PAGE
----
The Society is publishing a series on the battle between the Holy Ghost Fathers & Archbishop Lefebvre, over the doctrine & morality crisis that began to attack the Church in full force during the days of the Council.  Archbishop Lefebvre, saintly man that he was, handled his Congregation with such love & care, addressing the problem head on.  The following is the first article:

Fifty years ago, in the midst of the raging upheaval caused by the Council, one man found himself faced with the weighty task of assembling a Chapter to update his religious congregation and adapt it to the times. Archbishop Marcel Lefebvre was Superior General of the Holy Ghost Fathers at the time, and in the midst of the dilapidating chaos, the experimental activities, the contestation and the upheaval, he chose to withdraw.

The story of the forced resignation of the Superior of one of the Church’s most important religious congregations is a page of history that reveals much about the crisis the Church is living through.

Elected by a Large Majority Six Years Earlier

In 1968, Archbishop Lefebvre had been superior of his congregation for six years. He was elected by his fellow religious with a large majority on July 26, 1962, in the second round of votes, and Pope John XIII approved the election two days later. The former archbishop of Dakar who had become bishop of Tulle six months earlier, left his diocese in Corrèze and moved to Paris, rue Lhomond, to the General House of the Spiritan Fathers. Assistant to the papal throne and member of the Preparatory Commission for Vatican Council II, his election as head of his congregation coincided with the opening of this assembly. All throughout the Council’s five sessions, he kept the members of his religious family updated on the debates, the texts adopted, and the decision made.

This study does not intend to present everything Archbishop Lefebvre said during the Council. Readers can find all his speeches in I Accuse the Council. The idea is rather to show how, over a period of six years, the situation became inextricably untenable. When he was elected in 1962, Archbishop Lefebvre inherited a delicate situation that can give readers an idea of the great difficulties involved in governing an institution that had fallen prey to the indecision and questioning of the period that followed World Wars.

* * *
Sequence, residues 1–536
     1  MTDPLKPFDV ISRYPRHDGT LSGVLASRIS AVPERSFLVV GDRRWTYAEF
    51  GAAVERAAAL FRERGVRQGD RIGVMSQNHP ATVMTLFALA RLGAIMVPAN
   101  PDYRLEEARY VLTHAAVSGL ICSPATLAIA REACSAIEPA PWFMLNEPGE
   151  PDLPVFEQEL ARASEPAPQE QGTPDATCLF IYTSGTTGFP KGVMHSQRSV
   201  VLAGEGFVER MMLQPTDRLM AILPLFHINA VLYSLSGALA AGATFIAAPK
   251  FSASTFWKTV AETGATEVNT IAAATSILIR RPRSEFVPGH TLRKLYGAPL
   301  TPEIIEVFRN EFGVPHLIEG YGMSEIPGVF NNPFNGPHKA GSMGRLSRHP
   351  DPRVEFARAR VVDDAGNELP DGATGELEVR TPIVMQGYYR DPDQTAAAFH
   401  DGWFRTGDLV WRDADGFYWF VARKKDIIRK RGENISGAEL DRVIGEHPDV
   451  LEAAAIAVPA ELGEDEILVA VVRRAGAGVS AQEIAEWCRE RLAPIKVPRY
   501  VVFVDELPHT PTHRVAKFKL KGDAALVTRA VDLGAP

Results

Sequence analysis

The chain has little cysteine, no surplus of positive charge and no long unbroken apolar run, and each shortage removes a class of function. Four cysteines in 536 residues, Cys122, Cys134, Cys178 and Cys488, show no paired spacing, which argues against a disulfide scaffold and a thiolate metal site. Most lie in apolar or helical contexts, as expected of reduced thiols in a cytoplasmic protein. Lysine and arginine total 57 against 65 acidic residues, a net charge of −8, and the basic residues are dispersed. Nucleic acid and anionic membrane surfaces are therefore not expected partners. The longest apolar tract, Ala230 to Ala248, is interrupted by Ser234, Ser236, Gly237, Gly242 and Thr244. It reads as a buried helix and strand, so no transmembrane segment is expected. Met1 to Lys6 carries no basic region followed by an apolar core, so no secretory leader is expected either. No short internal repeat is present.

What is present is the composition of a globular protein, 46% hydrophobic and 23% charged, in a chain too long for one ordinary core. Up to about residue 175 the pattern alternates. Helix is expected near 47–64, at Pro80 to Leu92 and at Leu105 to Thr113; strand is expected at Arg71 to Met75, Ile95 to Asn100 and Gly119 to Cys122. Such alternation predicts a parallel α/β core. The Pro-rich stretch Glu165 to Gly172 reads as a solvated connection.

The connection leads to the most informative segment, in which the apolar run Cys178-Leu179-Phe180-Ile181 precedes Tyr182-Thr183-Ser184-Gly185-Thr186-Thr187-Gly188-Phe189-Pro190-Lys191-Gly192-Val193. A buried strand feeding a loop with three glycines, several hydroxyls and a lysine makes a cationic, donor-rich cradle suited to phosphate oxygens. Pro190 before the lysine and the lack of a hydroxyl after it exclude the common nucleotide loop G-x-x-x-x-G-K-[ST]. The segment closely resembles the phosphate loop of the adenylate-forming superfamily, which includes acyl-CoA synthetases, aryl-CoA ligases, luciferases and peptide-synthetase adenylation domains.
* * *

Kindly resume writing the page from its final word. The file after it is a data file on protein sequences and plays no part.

A Headwind Mandate

Divisions and a harmful atmosphere were developing above all in France and particularly in Chevilly-Larue, the congregation’s main scholasticate. Authors with modern tendencies and experiments in self-management and self-formation were developing dangerously. Archbishop Lefebvre undertook to put an end to this. He demanded that the library containing the condemned works of Fr. Congar and Fr. Chenu be purged.

He transferred Fr. Fourmond, who was trying to eliminate apologetics and the treatise on the Blessed Virgin Mary from his theology class. In the spring of 1963, he sent precise directives to the superiors of the major scholasticates, ordering them “to remove all those imbued with Modernist ideas from teaching positions.” He exhorted them to show discernment in their choice of preachers for retreats and conferences, and authors for journals.

We must avoid everything that is likely to undermine respect for the Church and the Pope, and everything that minimizes the historical truth of the Scriptures, the value of Tradition, the fundamental notions of morality and sin, and personal responsibility. We must prevent the invasion of the spirit of the world in religious communities.

(Bp. Bernard Tissier de Mallerais, Marcel Lefebvre: The Biography, Angelus Press, p. 345)

Archbishop Lefebvre renewed the teaching staff in the scholasticates, especially the deans of studies. In philosophy, he denounced the “great evils of our time, idealism and subjectivism. Thomistic philosophy alone gives us knowledge of the real.” In theology, he insisted upon “the importance of the Magisterium, and on Tradition and its relations with the ministry of sacraments and sacrifice”. He prescribed refectory readings of the main encyclicals and papal documents from Pius IX to the present, especially the acts of St. Pius X.